We were further solidified when I met her beautiful mother. She visited for two weeks in the fall, and I fell instantly in love with her too. Her lively personality and overwhelming love just didn’t seem to match her body, full of cancer, so tiny and frail. She had little hair left after the chemo, and she seemed so breakable I was afraid to hug her, but I couldn’t help but to squeeze her tight because she was just so inviting and loving. She filled the room with her antics and contagious laughter instantly caused total happiness. I brought my daughter over to meet her, and she just kept remarking that it didn’t seem possible that my little girl had something wrong with her brain. “She’s an angel,” she repeated over and over, her words were both stinging and medicating my broken heart. She sang songs to my daughter and hugged her and kissed her, and my little girl loved every moment with her. When it was time for her to say goodbye, we visited again and she sat on the floor with my daughter, who placed her angelic little hands around her newly adopted grandma’s tiny face, and they just stared at each other. A brain disorder didn’t matter and cancer didn’t matter, they just loved each other. I don’t know why this moment seems so profound to me now. It was just a moment, just a gesture of love between them but somehow this moment was monumental, crucial, defining of this circle of mothers, daughters and friends.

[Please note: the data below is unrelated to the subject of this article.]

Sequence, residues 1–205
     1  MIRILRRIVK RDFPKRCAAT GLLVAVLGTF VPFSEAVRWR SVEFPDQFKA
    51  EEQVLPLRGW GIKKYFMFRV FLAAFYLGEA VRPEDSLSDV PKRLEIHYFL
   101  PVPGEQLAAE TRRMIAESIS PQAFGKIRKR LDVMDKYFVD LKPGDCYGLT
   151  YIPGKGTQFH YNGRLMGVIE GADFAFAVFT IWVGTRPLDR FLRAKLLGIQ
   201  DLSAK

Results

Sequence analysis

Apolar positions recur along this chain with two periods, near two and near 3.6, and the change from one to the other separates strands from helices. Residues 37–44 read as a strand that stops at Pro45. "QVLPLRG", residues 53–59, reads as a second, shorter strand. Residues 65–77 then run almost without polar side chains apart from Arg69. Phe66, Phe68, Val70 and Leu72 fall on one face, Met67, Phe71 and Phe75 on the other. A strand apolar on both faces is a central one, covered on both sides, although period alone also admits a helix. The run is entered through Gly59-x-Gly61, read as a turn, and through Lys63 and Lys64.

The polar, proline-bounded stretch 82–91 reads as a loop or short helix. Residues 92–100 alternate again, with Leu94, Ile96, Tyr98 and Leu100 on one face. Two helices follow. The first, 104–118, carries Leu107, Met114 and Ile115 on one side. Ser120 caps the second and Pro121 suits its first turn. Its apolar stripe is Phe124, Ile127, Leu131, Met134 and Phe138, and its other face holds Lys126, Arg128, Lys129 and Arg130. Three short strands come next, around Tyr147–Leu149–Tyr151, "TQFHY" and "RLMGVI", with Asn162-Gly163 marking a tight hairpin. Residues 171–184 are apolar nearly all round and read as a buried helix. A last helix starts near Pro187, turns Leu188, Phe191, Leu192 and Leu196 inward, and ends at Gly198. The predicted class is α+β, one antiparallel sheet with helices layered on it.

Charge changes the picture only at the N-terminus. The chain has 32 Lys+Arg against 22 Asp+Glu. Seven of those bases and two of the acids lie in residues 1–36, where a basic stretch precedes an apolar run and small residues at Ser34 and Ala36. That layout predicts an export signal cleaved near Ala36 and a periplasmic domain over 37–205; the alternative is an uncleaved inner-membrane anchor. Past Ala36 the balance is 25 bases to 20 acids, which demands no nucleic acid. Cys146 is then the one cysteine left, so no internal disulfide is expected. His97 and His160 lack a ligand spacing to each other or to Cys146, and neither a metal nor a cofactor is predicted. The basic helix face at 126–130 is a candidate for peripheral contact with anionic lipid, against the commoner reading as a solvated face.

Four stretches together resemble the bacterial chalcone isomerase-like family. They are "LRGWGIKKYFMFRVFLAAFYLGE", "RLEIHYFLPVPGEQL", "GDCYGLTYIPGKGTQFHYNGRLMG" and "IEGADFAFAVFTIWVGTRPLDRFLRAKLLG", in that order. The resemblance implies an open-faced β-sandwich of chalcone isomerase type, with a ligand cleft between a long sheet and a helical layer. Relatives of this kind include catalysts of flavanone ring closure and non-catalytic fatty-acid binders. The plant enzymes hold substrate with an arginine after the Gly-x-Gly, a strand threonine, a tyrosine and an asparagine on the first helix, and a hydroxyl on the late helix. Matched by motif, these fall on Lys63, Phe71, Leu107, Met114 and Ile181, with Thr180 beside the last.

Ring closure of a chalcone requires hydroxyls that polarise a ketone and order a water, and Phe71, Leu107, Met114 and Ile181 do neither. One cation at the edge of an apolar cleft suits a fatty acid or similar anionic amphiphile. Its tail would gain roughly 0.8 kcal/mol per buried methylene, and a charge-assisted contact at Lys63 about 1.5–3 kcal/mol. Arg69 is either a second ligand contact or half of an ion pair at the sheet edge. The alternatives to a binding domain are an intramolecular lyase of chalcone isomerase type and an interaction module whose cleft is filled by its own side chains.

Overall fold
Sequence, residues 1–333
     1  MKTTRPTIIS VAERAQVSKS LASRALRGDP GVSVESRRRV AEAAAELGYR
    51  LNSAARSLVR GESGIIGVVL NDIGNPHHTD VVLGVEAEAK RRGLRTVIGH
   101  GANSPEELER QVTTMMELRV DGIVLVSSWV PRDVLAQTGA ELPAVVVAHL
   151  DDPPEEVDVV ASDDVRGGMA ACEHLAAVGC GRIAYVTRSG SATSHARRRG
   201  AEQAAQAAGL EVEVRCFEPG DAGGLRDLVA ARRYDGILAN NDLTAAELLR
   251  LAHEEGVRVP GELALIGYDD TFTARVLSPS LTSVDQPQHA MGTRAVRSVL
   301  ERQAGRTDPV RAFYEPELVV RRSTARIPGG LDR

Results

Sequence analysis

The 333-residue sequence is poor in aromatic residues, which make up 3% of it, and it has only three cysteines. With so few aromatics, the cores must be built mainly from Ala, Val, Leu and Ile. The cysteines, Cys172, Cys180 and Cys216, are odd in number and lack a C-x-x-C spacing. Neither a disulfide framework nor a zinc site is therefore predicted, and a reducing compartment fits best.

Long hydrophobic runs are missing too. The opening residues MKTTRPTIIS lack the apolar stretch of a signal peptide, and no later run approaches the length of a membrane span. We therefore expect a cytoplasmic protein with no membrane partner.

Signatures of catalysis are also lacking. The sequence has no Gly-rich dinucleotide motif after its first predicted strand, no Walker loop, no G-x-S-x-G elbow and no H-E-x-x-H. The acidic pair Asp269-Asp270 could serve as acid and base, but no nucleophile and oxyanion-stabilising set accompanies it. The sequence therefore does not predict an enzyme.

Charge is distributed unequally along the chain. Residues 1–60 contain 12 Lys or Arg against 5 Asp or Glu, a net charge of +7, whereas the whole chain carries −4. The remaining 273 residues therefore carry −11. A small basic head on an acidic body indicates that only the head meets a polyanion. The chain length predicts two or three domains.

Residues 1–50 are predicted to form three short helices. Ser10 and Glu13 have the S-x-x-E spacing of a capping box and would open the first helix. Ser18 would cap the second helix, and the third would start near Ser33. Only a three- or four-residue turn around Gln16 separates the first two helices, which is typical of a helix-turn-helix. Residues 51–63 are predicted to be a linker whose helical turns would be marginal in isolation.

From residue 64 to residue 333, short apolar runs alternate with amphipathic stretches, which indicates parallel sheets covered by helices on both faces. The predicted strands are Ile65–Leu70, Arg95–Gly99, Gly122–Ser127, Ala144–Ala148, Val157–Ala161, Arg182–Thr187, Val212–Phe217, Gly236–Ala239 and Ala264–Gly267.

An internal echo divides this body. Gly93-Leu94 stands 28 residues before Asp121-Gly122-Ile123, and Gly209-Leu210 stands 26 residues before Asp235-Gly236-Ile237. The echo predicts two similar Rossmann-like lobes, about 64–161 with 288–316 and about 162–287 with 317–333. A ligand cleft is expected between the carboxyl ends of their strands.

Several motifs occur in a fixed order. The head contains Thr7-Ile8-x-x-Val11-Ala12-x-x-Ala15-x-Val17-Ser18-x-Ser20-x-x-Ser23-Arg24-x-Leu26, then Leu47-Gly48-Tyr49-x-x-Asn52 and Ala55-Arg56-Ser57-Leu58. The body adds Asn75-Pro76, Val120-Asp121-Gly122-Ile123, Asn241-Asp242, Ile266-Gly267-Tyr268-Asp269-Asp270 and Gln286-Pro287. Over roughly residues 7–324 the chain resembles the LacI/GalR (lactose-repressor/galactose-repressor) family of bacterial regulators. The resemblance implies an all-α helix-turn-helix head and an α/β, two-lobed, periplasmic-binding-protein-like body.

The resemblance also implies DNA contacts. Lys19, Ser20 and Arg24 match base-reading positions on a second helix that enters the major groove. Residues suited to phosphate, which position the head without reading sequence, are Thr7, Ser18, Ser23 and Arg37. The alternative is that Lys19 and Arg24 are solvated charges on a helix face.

It’s a strange thing to review my life over the last year. From my complete undoing, free fall into depression and paralyzing fear for my child and her future was born the deepest love for people I would not have known if I hadn’t been so broken, if her brain was perfect, if her life was going to be normal. How can I be simultaneously so wounded and so healed? How can I be so hollow from grief and so filled with love and joy from the same circumstances? I find it difficult to swallow the grief with the joy, but they cannot be taken separately. The most complicated of moments are when I feel anger about my daughter’s condition, then subsequent guilt because I love this family who is only in my life because of her condition. When I feel whole because of them, I feel broken about my daughter. I am uncertain if it will always be that way, but the two are so tangled together, I’m going to take it as a blessing that it’s not only sadness I feel.
I wonder how people cope with life-altering diagnoses without friends like these. How do you cope with a new reality without love like this? My friend holds me up every day, and her presence is constant, keeping me going when I’m unsure how to put one foot in front of the other. I am not the person I was a year ago, and it’s strange to me that she won’t know the “before this” me. I was productive, driven, goal-focused and capable of everything. I wasn’t nearly as emotional or as tender. I sometimes wish we could have met under different circumstances, but I believe my daughter’s condition was revealed exactly when it had to be, so I could be a shattered mess, ready to be rebuilt with love from a family who was being shattered too.
There is no knowing why this happened to my daughter or why her mom has cancer, and “why” is the pointless unanswerable question of our faulted human hearts anyway, but I take comfort in knowing why we met when we did. It makes all of this tragedy easier to tolerate because the greatest gift was given when I needed it most, and I have gained a best friend and an entire family because of one little brain.